It has been said before, but Legacy of the Wizard is not easy. While its platforming gameplay is quite easy to grasp, the game makes serious demands on its players in regards to the navigation and the combat. First of all, enemies will come at the player in all directions, either randomly or in patterns. Some meander about in lazy paths and are easily dispatched, while some run and jump - quickly - after the player. Others will fly from off-screen and through walls to latch on to the player like a Metroid and stay with them as they run and jump. Luckily, the game allows attacks to be fired in eight directions, which is good protection if a player is quick enough. It won't be much help if the player is in the middle of a jump, however, especially when they are doing tight platforming on single square blocks.

The game most definitely takes advantage of situations like that because it knows a free hit when it sees one. Of course, the player could jump off the block, but they will most likely take damage anyway from falling too far. Additionally, they could fall off the screen which could be disastrous depending on where they are in the labyrinth, as they'll be sent to the screen below them. The game isn't completely evil, though, as it does allow players to jump on enemies like they were platforms. Players are also allowed to walk on spikes as long as they hold up while walking left or right.

You can't hear it now, but Yuzo Koshiro did the music

Another tricky detail players need to be wary of are false walls. Legacy of the Wizard is filled with these little nuisances. They might obscure an important passage or conceal spikes. They might surprise players as a collapsible bridge, lead them to a dead end, or interfere with important jumps. Then there is the aggravation over the game's push block puzzles. Xemn, the keeper of the glove, has to solve many of these puzzles in his portion of the dungeon (there are four areas each suited to a different family member). The process of moving a block is both complicated and unintuitive, but can yield some interesting results if a player works at it. With the glove equipped the player activates it with the A button. That is the same button that is used for jumping and, yes, it is as cumbersome as you think it is.

While moving blocks with the A button isn't an issue it becomes increasingly difficult when you have to push blocks in one of the eight directions. The game has the player jump, press the direction they want the block to go while in mid air, and then touch the block. It doesn't matter if the block is above, below, or adjacent to Xemn, he can push it all the same which can cause trouble from time to time. Often times, the player is subjected to the hassle of taking the glove on and off to move around blocks to avoid moving the wrong one. At least the developers placed ladders at intervals during these puzzles, which allows a player to leave the current area to reset the puzzle when they mess up. It's too bad the game wasn't as considerate about the bevy of annoying enemies hounding the player's back while they do these puzzles. And should the player die while doing this, or any other task, they are sent back to the cabin and all unsaved progress is lost.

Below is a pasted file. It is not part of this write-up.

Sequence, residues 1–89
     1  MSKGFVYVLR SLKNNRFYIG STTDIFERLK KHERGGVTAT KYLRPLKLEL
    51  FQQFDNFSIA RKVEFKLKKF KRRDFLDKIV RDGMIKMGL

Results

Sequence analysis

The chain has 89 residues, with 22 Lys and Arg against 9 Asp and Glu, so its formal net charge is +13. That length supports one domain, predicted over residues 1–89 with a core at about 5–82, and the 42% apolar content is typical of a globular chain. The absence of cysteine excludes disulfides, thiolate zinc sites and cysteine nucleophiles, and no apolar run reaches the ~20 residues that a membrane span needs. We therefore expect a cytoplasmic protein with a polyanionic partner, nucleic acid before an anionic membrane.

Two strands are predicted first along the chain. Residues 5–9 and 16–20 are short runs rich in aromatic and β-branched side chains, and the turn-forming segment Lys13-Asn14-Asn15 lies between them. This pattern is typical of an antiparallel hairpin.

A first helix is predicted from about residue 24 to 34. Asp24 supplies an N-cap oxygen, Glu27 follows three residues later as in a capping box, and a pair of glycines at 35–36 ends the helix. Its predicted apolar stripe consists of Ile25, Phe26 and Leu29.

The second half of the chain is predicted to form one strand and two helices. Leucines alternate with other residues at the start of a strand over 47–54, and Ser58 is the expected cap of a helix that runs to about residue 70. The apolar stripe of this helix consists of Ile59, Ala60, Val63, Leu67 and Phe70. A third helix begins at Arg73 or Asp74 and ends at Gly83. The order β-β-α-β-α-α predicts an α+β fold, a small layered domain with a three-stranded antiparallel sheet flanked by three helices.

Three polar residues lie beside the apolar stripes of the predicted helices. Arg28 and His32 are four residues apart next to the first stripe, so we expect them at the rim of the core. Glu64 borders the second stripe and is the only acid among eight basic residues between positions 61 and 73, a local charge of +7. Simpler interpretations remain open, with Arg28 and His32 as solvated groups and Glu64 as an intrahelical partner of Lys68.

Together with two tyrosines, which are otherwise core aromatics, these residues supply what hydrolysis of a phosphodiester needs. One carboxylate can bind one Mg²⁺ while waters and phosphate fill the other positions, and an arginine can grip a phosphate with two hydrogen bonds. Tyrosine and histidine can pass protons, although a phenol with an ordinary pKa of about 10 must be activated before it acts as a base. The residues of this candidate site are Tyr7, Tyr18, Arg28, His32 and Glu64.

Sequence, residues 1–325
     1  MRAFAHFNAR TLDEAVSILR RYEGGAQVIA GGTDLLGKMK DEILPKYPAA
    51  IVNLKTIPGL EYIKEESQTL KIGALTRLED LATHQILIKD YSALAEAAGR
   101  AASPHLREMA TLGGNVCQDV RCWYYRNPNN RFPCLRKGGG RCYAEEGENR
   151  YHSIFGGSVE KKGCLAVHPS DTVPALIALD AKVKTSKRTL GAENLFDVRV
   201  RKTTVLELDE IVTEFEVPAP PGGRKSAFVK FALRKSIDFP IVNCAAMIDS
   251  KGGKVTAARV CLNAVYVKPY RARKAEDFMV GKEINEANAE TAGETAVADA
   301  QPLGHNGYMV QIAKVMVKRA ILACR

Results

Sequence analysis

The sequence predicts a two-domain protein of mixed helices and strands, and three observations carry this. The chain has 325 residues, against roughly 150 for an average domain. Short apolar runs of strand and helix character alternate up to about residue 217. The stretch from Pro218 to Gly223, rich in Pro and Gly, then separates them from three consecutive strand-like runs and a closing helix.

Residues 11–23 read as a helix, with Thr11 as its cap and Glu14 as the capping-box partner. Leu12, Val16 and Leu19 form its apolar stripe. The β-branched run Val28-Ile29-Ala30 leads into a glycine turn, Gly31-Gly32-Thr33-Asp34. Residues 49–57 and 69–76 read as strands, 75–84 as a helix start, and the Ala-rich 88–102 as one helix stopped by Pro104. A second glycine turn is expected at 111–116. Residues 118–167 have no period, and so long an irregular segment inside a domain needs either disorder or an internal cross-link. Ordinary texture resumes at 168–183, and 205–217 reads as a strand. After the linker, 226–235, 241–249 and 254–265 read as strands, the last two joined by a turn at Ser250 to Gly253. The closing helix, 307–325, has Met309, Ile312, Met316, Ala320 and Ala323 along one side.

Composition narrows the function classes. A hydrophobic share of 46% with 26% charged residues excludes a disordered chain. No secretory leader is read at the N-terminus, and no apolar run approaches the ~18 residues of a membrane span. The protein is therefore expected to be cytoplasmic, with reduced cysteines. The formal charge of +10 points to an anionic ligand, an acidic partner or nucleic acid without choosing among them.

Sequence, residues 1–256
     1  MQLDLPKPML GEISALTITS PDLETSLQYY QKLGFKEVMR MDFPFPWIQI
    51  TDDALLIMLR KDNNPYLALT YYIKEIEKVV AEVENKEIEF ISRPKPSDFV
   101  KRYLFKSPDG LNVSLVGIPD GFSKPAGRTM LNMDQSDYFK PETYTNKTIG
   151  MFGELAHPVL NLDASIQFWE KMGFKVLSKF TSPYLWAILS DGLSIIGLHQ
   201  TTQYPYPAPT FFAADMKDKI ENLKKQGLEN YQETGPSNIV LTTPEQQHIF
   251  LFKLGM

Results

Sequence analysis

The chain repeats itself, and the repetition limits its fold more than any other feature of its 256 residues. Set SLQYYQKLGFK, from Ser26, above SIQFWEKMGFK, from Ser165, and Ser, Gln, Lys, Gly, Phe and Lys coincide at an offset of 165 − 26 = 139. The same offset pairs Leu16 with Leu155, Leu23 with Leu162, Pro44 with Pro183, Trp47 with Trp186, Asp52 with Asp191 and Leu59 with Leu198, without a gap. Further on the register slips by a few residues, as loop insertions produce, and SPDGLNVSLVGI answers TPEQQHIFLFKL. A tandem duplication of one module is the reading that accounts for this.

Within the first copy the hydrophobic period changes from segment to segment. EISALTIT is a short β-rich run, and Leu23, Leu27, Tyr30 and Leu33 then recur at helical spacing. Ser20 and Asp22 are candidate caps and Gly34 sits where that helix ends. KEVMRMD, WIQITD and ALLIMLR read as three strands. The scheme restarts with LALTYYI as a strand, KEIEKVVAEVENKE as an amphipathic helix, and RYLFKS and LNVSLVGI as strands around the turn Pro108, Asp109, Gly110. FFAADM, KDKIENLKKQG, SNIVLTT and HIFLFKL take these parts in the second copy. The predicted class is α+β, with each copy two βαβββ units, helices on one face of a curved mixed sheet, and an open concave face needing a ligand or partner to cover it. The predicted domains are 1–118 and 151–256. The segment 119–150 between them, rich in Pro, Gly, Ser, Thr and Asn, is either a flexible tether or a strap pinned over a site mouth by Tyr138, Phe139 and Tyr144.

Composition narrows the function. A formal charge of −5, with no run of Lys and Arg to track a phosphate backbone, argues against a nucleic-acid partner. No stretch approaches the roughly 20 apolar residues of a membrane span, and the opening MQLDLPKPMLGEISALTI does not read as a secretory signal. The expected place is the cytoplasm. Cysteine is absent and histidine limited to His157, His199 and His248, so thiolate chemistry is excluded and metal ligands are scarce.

These are a common sight in Xemn's zone

There is one final detail about LotW that can really throw players for a loop. Outside of some serious trial and error, the player really has no idea what gear they will need to complete a given area and capture a Crown. Unlike Metroid or Zelda, where the player has everything at all times, LotW only allows players to take three items into the dungeon. This adds a whole other dimension of danger and aggravation to the quest because players will often have to forgo taking restoratives, a return crystal, or a stat booster. And even if they do get the loadout right, touching a Crown will immediately start a boss fight. The bosses can be quite difficult without the right gear and it will take several tries to take them down. Of course, that means that players will have to redo everything to get back to that point.

This brings up an unusually tricky problem; If a player needs certain gear to reach the Crown and certain gear to fight the boss, how do they do both? When a player rests at an inn they can swap their gear. After a failed boss attempt the player will know where the best inn location is before the fight, and they can take a quick rest and grab the gear that will ensure success. Once a Crown is obtained the player is transported home where they can get a new password and prepare for their next outing.

Inns are pleasantly abundant

Legacy of the Wizard is not for the impatient or quick to anger. Whether it is the game's insistence on tight pixel-perfect jumps, hidden passageways to necessary areas, rapidly respawning enemies, or hidden enemies (like mimics) that can kill almost instantly, there is so much that can get on a player's nerves. Couple that with the game's enormous dungeon, challenging traps and puzzles, and trial and error gameplay. In the end, Legacy of the Wizard may not be as fair or as balanced as the other adventure games in the NES's library. But, for those who can look past the game's unrelenting challenge it does present an adventure worth taking.